Are your children or grandchildren requesting you to become a guarantor in securing their home loan? If yes, then you should consider the following:
A guarantor is a person who enters into a binding agreement with a credit provider (lender) promising to repay the loan if the borrower refuses or fails to repay the loan. Credit providers such as banks may require a guarantee before they agree to lend money to the debtor.
Each credit provider has its own terms and conditions that they will impose before making the loan application.
Generally, credit providers will lend the borrower up to 80% of the value of the home and in some cases the credits providers will agree to accept a guarantee so that the borrower can avoid paying mortgage insurance.
Before the credit provider provides the home loan, they will assess the proposed guarantor/s ability to act as a guarantor and require that they receive independent legal advice.
There are many risks when you consider accepting your role as a guarantor for someone else’s home loan, regardless of the nature of your relationship with the borrower (i.e. whether that be your son, granddaughter or any other family member or friend).
By agreeing to be a guarantor, you the understand and acknowledge that if the borrower cannot meet the terms of the loan, which in most cases is the monthly repayments, then you as the guarantor can be liable for those repayments, or at least for the percentage of the loan that you have guaranteed.
It is not unusual for credit providers such as banks to pursue the guarantor in order to recover all losses should the borrower default. And the losses can include recovery of repayments and shortfalls in additional to recovery and/or enforcement costs, taxes, interests, legal costs, enforcement expenses and any other associated costs. They can do this even before they pursue the debtor.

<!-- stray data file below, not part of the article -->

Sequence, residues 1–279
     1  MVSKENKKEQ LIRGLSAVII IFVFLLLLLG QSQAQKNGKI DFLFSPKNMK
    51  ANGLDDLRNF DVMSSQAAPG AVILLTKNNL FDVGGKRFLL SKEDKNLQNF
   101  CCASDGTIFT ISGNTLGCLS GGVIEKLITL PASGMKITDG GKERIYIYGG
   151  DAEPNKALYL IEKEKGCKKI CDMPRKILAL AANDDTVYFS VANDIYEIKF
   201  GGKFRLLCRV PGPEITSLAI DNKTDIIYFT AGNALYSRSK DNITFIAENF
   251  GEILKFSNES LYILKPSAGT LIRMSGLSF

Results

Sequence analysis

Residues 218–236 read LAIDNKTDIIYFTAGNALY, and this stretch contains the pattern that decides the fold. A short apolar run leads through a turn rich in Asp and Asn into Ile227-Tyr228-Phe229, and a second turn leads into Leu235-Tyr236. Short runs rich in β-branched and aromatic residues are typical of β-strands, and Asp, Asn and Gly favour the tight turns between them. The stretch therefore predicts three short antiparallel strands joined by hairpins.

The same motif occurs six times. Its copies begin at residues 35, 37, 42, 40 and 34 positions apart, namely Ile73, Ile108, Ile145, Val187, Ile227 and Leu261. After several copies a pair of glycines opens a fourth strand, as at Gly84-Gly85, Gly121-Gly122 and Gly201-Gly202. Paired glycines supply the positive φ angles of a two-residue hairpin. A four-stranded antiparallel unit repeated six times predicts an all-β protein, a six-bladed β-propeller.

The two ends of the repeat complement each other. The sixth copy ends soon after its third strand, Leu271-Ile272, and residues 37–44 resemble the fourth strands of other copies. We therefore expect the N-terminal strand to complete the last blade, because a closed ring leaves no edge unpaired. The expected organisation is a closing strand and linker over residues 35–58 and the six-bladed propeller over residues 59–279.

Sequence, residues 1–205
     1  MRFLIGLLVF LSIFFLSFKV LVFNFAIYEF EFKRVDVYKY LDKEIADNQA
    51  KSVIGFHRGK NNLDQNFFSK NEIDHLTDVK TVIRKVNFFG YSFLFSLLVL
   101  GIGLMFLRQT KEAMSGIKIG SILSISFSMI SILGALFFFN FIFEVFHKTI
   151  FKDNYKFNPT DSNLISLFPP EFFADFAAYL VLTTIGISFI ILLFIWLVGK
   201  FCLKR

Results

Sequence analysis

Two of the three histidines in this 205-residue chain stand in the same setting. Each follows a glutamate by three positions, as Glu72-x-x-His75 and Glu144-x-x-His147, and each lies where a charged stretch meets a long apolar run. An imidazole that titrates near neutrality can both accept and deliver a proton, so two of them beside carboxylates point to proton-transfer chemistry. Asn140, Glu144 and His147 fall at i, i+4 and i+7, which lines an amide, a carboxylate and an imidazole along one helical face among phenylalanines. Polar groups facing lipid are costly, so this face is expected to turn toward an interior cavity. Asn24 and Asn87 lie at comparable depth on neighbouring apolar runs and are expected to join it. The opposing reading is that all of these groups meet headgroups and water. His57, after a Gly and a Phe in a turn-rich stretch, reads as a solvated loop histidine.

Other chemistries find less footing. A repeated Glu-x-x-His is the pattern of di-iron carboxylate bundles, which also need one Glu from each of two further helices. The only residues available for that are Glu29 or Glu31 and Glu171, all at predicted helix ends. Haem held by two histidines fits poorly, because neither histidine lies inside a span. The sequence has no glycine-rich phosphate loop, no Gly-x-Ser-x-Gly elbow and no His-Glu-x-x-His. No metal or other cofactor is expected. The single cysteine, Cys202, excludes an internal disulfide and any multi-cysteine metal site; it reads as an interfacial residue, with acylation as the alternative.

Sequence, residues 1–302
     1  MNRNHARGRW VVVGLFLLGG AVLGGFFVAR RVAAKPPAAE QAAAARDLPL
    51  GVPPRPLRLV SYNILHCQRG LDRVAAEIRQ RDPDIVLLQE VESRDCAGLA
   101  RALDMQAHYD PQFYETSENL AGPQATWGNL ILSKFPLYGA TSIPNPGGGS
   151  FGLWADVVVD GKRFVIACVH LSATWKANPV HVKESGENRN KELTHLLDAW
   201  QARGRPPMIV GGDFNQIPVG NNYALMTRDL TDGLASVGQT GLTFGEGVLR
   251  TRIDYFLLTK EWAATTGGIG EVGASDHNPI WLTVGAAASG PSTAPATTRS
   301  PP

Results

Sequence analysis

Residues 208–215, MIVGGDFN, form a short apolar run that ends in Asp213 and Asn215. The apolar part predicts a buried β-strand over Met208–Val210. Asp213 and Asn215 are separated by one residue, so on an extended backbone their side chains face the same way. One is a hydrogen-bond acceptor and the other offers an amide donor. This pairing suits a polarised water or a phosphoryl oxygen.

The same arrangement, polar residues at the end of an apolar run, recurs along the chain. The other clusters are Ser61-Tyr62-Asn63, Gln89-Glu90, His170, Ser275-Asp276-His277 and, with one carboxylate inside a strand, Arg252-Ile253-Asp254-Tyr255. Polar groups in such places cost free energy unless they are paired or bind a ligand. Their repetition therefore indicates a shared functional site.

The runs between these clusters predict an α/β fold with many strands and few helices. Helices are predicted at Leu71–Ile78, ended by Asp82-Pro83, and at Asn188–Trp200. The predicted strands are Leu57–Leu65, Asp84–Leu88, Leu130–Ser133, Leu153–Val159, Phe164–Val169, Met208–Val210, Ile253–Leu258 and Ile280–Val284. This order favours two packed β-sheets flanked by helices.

Furthermore, credit providers may require the guarantor to provide security over their own property as security as part of the guarantee. In these circumstances, there is added risk to the guarantor as there is a real likelihood that the guarantor may loss their home in order to cover the loan that the borrower owes the the credit provider.
We understand that as a parent or grandparent, you will be keen act in the borrower’s best interest and may provide a guarantee to the credit provider with respect to the borrower’s loan regardless of the risks involved.
Before taking any decision, just keep in mind that unexpected events can occur at any stage which may affect the borrower’s financial position. An example of this is if the borrower loses his/her job or becomes unwell and unable to work.
If you have received guarantor paperwork to complete from a credit provider and you decide to become a guarantor, please seek independent legal advice before accepting your proposed role as guarantor.
We welcome you to contact us at Anderson Boemi Lawyers if you wish to seek advice on becoming a guarantor.